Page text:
Let us pray

Last updated 5 Nov 23 @ 21:43 |
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Peter Jackson outlines a holistic approach to protecting places of worship

The safety and sanctity of places of worship are under constant threat due to a rise in criminal activities targeting religious premises. According to the hate crime charity Stop Hate UK, religious or faith-based crimes have been increasing for the past five years. In 2021 there were over 8,730 religious hate crimes committed, an increase of 37 percent compared to the previous year.
In Jacksons Fencing’s 2020 report about the safety and security of places of worship, 59 percent of respondents reported their place of worship had been targeted and only 13 percent said they felt safe.
Vandalism, theft, arson and physical attacks on worshippers have become distressingly common, demanding urgent attention to enhance security measures. However, addressing this conundrum is not straightforward, as visible security can sometimes inadvertently generate anxiety among congregants. This article delves into the challenges of designing security solutions for places of worship, emphasising the importance of physical security while preserving the aesthetic appeal of these sacred buildings.
Recent research focused on the security of places of worship has revealed a paradox related to visible security measures. While over three-quarters (76 percent) of respondents feel safer when security measures are in place and believe that “lots of visible security” increases their awareness of security risks, 54 percent also express feeling more nervous due to visible physical security.
Furthermore, 62 percent believe that visible security detracts from the aesthetic beauty of a religious building. It is evident that congregants appreciate the protection afforded by security measures such as fences, gates and CCTV, but are equally concerned about maintaining the aesthetic appeal of their place of worship.
The survey also identified the most common security threats that worry worshippers. The three main concerns include vandalism, burglary and theft, and physical attacks on congregants. Addressing these threats comprehensively is crucial to building trust and reinforcing the sense of safety within religious establishments. Worshippers are particularly concerned about incidents like broken windows, damage to the building’s exterior and interior, graffiti and damage to burial sites.
While some immediate security changes, such as relocating donation boxes and valuables to more secure locations, have been implemented, only 25 percent of respondents reported an increase in physical security measures like fencing and gates around churches, synagogues, and mosques. However, these physical barriers are critical in reducing the risk of physical crimes. To win the trust of congregants, security strategies must aim to protect against all identified threats.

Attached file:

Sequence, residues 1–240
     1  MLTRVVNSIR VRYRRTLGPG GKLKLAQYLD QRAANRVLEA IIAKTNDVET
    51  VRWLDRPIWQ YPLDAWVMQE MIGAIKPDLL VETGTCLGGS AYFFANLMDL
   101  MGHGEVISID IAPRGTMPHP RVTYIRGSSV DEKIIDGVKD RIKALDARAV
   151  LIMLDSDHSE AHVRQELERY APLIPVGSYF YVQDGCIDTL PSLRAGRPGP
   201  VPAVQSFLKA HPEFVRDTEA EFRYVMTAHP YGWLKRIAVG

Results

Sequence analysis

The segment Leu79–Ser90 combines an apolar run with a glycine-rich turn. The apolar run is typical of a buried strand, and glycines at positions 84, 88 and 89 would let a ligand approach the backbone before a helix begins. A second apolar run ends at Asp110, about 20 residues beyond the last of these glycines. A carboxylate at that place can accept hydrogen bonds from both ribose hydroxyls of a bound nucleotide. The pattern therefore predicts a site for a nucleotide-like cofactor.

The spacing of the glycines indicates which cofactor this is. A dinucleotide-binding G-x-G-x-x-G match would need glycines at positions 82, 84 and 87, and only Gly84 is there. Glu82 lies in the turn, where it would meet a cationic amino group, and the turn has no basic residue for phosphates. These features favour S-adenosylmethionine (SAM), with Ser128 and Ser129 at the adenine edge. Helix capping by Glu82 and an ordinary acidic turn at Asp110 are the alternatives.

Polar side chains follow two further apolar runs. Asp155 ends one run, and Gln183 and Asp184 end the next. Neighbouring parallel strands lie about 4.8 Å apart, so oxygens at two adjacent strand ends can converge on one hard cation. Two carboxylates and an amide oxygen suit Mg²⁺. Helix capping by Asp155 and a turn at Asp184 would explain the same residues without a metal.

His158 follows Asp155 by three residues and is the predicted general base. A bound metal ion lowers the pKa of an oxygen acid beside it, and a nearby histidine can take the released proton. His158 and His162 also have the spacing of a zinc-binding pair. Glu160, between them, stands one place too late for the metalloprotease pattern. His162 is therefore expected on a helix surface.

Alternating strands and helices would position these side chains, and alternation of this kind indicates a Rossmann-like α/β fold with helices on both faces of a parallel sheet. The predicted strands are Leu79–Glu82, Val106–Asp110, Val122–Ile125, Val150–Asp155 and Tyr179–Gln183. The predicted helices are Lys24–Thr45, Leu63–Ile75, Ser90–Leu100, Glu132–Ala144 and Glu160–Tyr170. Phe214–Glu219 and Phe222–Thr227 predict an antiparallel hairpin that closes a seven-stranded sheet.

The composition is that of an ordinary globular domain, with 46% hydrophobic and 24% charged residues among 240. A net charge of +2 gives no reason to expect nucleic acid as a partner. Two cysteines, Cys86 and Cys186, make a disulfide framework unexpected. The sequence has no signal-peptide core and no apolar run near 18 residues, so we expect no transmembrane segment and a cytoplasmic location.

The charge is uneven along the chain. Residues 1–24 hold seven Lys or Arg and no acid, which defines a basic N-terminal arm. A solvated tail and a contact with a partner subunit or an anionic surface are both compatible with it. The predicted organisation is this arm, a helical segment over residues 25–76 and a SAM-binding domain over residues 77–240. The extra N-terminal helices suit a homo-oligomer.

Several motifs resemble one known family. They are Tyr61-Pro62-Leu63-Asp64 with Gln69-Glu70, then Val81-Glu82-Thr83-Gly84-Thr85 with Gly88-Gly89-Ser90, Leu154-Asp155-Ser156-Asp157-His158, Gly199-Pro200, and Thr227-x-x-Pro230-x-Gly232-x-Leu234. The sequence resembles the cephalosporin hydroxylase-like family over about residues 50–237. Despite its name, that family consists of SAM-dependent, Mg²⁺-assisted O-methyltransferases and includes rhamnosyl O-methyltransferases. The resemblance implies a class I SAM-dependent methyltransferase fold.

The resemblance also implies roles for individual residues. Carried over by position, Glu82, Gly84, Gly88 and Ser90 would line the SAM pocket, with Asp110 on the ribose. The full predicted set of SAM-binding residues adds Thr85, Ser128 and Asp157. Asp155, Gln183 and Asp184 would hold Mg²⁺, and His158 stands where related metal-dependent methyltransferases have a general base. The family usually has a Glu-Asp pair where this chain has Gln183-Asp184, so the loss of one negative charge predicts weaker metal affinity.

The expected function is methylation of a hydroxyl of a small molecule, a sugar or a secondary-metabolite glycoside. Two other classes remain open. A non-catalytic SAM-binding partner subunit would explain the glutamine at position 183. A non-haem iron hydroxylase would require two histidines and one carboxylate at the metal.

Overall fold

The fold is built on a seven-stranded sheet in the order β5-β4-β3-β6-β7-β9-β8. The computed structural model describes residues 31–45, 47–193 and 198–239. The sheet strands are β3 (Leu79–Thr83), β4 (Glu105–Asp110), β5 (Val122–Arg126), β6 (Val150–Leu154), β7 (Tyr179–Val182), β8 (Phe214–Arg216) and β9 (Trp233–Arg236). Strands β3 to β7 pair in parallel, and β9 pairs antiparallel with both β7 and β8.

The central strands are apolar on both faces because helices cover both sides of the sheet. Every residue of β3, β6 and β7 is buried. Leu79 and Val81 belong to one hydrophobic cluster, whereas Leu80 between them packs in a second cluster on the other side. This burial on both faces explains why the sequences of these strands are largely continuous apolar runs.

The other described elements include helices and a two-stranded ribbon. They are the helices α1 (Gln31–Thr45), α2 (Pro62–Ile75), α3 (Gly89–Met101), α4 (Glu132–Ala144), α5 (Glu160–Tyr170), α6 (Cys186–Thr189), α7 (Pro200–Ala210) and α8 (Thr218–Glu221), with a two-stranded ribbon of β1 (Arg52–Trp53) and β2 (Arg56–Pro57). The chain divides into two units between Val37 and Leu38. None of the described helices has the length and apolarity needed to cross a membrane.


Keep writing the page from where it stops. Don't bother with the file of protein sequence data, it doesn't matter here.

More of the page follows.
The pivotal role architects and designers play in securing places of worship is hindered by a concerning lack of information and resources in the field. Jacksons Fencing’s survey involving 274 architects highlighted the existing knowledge gap, leaving them ill-equipped to design secure buildings and sites effectively. To address this issue, the government proactively allocated a £5-million security training fund specifically for faith organisations. By providing comprehensive guidance and training, architects can better cater to the unique security needs of places of worship, fostering a safe and reassuring environment for worshippers.
Embracing non-intrusive security measures is essential to strike a delicate balance between safety and preserving the sanctity of places of worship. By conducting thorough risk assessments, security designers can pinpoint potential weaknesses and implement tailored measures to address them. Employing tactics such as limited access points, discreet deterrents like obstructive trees, and noise-generating materials like gravel can bolster security while maintaining the aesthetic charm of the surroundings. This approach fosters a welcoming atmosphere while safeguarding against potential threats.
While non-intrusive measures are essential, certain physical security enhancements cannot be overlooked. A well-considered perimeter solution combining enhanced security and aesthetic appeal is critical in crime prevention. High-quality security fencing and gates, certified to meet relevant standards like LPS 1175, provide a robust deterrent to potential intruders.
Additionally, the risk of physical crimes being committed is significantly reduced when obstacles such as perimeter fencing, gates, CCTV, lighting, and other security solutions are installed. Integrating perimeter intrusion detection systems is advisable for buildings that have become landmarks or visitor attractions, or have a history of criminal activity, especially if unmanned during certain times of the day.